An insulin pump is a small mechanical device, a little larger than a pager that is worn outside the body, often on a belt or in a pocket. It delivers fast-acting insulin into the body via an infusion set -- a thin plastic tube ending in a small, flexible plastic cannula or a very thin needle. You insert the cannula beneath the skin at the infusion site, usually in your abdomen or upper buttocks. You keep the infusion set in place for two to three days (sometimes more), and then move it to a new location. All insulin is delivered through the infusion set.
The insulin pump is not an artificial pancreas. Rather, it is computer-driven device that delivers fast-acting insulin (NovoLog, Humalog, or Apidra) in precise amounts at pre-programmed times. Wearing an insulin pump might require more work on their part than traditional injection therapy, especially if they are not used to checking their blood sugar several times a day. They must also learn to use the pump to deliver the extra insulin you require when you eat.
SOURCE: TriStarHealth. “Insulin Pump Therapy”. Online video clip. YouTube. YouTube, 8 Dec Web. 24 Aug
JDRF is working on promising research for Type 1. They believe that “to cure type 1 diabetes will require the restoration of glucose-responsive, insulin- secreting beta cells by several possible methods, such as regeneration of remaining beta cells, or transplantation of an outside source of glucose- responsive, insulin-secreting cells. Restoration of functional beta cells either by regeneration or transplantation will need to include a way to stop the immune system from attacking these cells in the future.” See more at:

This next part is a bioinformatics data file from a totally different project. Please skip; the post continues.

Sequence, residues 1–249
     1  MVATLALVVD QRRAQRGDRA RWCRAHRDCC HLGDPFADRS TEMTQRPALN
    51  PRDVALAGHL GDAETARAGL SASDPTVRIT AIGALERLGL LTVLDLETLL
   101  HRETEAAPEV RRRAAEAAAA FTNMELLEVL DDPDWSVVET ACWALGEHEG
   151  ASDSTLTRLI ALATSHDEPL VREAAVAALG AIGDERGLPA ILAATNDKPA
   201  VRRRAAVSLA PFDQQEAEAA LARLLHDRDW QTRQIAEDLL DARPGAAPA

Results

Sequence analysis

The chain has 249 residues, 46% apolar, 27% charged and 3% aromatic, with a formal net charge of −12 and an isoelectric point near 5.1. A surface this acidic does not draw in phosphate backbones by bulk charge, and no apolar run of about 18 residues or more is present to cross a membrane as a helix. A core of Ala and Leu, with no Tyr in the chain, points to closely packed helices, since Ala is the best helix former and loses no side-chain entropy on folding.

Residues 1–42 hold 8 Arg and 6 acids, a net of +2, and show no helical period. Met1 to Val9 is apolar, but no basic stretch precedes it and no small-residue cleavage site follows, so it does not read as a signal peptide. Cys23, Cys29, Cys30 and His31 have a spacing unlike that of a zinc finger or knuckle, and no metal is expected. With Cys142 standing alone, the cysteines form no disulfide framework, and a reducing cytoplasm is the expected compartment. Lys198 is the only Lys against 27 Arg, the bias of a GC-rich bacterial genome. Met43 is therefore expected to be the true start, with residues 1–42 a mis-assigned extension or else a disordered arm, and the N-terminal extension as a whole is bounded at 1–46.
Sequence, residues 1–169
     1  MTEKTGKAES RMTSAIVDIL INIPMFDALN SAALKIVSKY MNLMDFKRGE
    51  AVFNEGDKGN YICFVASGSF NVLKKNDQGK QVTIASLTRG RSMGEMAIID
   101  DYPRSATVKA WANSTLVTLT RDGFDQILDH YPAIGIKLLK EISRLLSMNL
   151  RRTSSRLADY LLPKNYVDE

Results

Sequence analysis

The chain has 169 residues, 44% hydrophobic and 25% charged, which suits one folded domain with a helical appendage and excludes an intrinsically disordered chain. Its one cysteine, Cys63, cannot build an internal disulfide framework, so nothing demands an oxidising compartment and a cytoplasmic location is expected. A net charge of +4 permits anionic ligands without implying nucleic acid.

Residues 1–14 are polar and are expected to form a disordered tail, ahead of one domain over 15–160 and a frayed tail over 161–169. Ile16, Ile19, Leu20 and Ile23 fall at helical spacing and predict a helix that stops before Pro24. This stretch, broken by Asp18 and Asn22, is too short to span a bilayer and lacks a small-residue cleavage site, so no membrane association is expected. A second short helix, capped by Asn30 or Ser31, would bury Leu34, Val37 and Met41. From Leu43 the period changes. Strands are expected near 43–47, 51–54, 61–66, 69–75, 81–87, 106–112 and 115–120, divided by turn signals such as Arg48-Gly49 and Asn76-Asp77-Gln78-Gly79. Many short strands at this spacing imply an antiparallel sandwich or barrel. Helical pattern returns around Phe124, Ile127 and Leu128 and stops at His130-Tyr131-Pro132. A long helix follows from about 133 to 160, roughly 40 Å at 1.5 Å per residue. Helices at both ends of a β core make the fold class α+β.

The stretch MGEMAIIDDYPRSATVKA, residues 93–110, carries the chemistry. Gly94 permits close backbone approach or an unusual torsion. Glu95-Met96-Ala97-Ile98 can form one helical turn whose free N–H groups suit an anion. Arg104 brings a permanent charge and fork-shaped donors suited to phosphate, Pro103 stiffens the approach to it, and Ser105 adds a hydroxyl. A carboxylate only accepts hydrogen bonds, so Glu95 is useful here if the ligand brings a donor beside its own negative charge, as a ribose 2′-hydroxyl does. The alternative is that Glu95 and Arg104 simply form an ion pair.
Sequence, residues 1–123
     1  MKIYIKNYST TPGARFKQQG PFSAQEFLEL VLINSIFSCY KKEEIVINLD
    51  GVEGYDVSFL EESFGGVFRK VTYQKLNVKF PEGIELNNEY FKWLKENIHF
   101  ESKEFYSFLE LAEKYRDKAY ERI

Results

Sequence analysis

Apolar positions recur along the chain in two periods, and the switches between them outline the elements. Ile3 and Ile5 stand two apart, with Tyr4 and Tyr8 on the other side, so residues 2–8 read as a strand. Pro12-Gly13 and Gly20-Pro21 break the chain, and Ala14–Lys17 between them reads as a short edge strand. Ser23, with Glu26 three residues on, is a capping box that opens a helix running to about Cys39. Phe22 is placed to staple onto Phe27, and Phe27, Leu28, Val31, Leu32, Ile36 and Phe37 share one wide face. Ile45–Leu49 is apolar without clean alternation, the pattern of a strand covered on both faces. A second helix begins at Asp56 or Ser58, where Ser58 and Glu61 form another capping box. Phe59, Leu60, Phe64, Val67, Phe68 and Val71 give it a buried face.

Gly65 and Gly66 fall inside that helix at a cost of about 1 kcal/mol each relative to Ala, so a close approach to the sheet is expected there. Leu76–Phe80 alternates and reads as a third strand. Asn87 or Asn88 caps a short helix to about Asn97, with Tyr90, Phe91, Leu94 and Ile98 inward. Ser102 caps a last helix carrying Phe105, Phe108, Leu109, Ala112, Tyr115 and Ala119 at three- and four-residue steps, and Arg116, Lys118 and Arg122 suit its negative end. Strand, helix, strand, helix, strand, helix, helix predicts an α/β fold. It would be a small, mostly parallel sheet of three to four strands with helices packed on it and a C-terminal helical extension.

◦ Immune Research Therapy Immune Research Therapy Type 1 diabetes is caused by an improperly balanced immune system. JDRF is focused on developing targeted therapies, to eliminate the immune destructive cells that destroy beta cells, and/or expand the number of immune protective cells to halt the disease process. See more at:
◦ Beta Cell Regeneration Research Beta Cell Regeneration Research JDRF-supported research has identified multiple novel ways to regrow a person’s lost beta cells. JDRF is now working to discover and develop new drugs that will cause surviving beta cells to multiply or those that reprogram other cell types to become insulin-producing beta cells. See more at: dpuf dpuf
◦ Beta Cell Encapsulation Research Beta Cell Encapsulation Research JDRF’s encapsulation program is developing easily implanted products composed of beta cells surrounded by a protective shield. Such products will allow beta cells to constantly sense a person’s glucose levels and produce insulin as needed, while protecting the beta cells from further immune attack. See more at: dpuf dpuf
There are many podcasts and blogs to keep you up to date on Type 1 diabetes developments, research, and guidelines for care. The Princess and the Pump The Princess and the Pump Death of a Pancreas Blog Death of a Pancreas Blog Our Diabetic Life Blog Our Diabetic Life Blog Six Until Me Blog Six Until Me Blog Typical Type 1 Blog Typical Type 1 Blog Medical University of South Carolina Health Podcasts Medical University of South Carolina Health Podcasts Centers for Disease Control and Prevention Podcasts Centers for Disease Control and Prevention Podcasts Scientific American Podcasts Scientific American Podcasts